During some weeks there were ontrages, insults, evil reports, vio- pmk lent panics, the natural pre- S^g. ludes of the terrible conflict 8"^Jwhich was at hand. A rumour spread over the whole island that, on the ninth of December, there would be a general massacre of the Englishry. Tyrconnel sent for the chief Protestants of Dublin to the Castle, and, with his usual energy of diction, invoked on himself all the vengeance of heaven if the report was not a cursed, a blasted, a confounded lie. It was said that, in his rage at finding his oaths ineffectual, he pulled off bis hat and wig, and flung them into the fire.* But lying Dick Talbot was so well known that his imprecations and gesticulations only strengthened the apv prehension which they 'were meant to allay. Ever since the recall of Clarendon there had been a large emigration of timid and quiet people from tie Irish ports to England. That emigration now went on faster than ever. It was not easy to obtain a passage on board of a well built or commoaions vessel. But many persons, made bold by the excess of fear, and choosing rather to trust the winds and waves than the exasperated Irishry, ventured to encounter all the dangers of Saint George's Channel and of the Welsh coast in open boats and in the depth

* A True and Impartial Account of uw most material Passages in Ireland since December 1688, by a Gentleman who ms «■ Eyewitness; licensed July 22.1689.

of winter. The English who remained began, in almost every county, to draw close together. Every large country house became a fortress. Every visitor who arrived after nightfall was challenged from a loophole or from a barricaded window; and if he attempted to enter without passwords and explanations, a blunderbuss was presented to him. On the dreaded night of the ninth of December, there was scarcely one Protestant mansion from the Giant's Causeway to Bantry Bay in which armed men were not watching and lights burning from the early sunset to the late sunrise. *

A minute account of what passed in Hirtory of one district at this time has ofV?TM come down to us, and well ■"■»*«• . illustrates the general state of the kingdom. The south-western part of Kerry is now well known as the most beautiful tract in the British isles. The mountains, the glens, the capes stretching far into the Atlantic, the crags on which the eagles build, the rivulets brawling down rocky passes, the lakes overhung by groves in which the wild deer find covert, attract every summer crowds of wanderers sated with the business and the pleasures of great cities. The beauties of that country are indeed too often hidden in the mist and rain which the west wind brings up from a boundless ocean. But, on the rare days when the sun shines out in all his glory, the landscape has a freshness and a warmth of colouring seldom found in our latitude. The myrtle loves the soil. The arbutus thrives better than even on the sunny shore of Calabria, f The turf is of livelier hue than elsewhere: the hills glow with a richer purple : the varnish of the holly and ivy is more glossy; and berries of a brighter red peep through foliage of a brighter green. But during the greater part of the seventeenth century, this paradise was as little known to the civilised world as Spitzbergen or Greenland. Ji ever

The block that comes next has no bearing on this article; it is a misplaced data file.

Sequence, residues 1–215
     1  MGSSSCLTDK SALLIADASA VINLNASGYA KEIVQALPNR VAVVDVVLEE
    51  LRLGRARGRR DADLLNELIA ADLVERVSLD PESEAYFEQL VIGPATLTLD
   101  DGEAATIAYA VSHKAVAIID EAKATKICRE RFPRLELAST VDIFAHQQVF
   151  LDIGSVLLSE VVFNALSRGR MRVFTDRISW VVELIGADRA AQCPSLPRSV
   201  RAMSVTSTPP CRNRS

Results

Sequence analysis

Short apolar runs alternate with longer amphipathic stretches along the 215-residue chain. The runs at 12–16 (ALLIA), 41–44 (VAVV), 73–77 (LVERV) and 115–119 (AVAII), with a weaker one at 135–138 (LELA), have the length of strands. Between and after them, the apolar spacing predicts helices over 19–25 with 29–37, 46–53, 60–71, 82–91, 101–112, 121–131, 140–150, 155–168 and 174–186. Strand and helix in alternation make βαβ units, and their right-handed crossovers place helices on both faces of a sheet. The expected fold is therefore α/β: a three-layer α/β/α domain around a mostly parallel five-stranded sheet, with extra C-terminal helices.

• A True and Impartial Account, 1889; Leslie's Answer to King, 1692.

t There have been in the neighbourhood of Killarney specimens of the arbutus thirty feet high and four feet and a half round. See the Philosophical Transactions, 227.

it was mentioned, it was mentioned as a horrible desert, a chaos of bogs, thickets, and precipices, where the she wolf still littered, and where some half naked savages, who could not speak a word of English, made themselves burrows in the mud, and lived on roots and sour milk. *

At length, in the year 1670, the benevolent and enlightened Sir William Petty determined to form an English settlement in this wild district. He possessed a large domain there, which has descended to a posterity worthy of such an ancestor. On the improvement of that domain he expended, it was said, not less than ten thousand pounds. The little town which he founded, named from the bay of Kenmare, stood at the head of that bay, under a mountain ridge, on the summit of which travellers now stop to gaze upon the loveliest of the three lakes of Killamey. Scarcely any village, built by an enterprising band of New Engenders, far from the dwellings of their countrymen, in the midst of the hunting grounds of the Bed Indians, was more completely out of the pale of civilisation than Kenmare. Between Petty's settlement and the nearest English habitation the journey by land was of two days through a wild and dangerous country. Yet the place prospered. Forty two houses were erected. The population amounted to a hundred and eighty. The land round the town was well cultivated.

* In a very full account of the British isles published at Nuremberg in 1690, Kerry is described as "an vielen Orten unwegsam und voller Winder und Geburge." Wolves still infested Ireland. "Kein schadlich Thier ist da, ausserhalb Wolff und Fuchse." So late as the year 1710 money was levied on presentments of the Grand Jury of Kerry for the destruction of wolves in that county. See Smith's Ancient and Modern State of the County of Kerry, 1756. I do not know that I have ever met with a better book of the kind and of the size. In a poem published as late as 1719, and entitled Maodermot, or the Irish Fortune Hunter, in six cantos, wolf hunting and wolf spearing are represented as common sports in Munster. In William's reign Ireland was sometimes called by the nickname of Wolfiand. Thus in a poem on the battle of La Hogue, called Advice to a Painter, the terror of the Irish army is thus described:

"A chilling damp
And Wolfland howl runi thro' the riling camp,"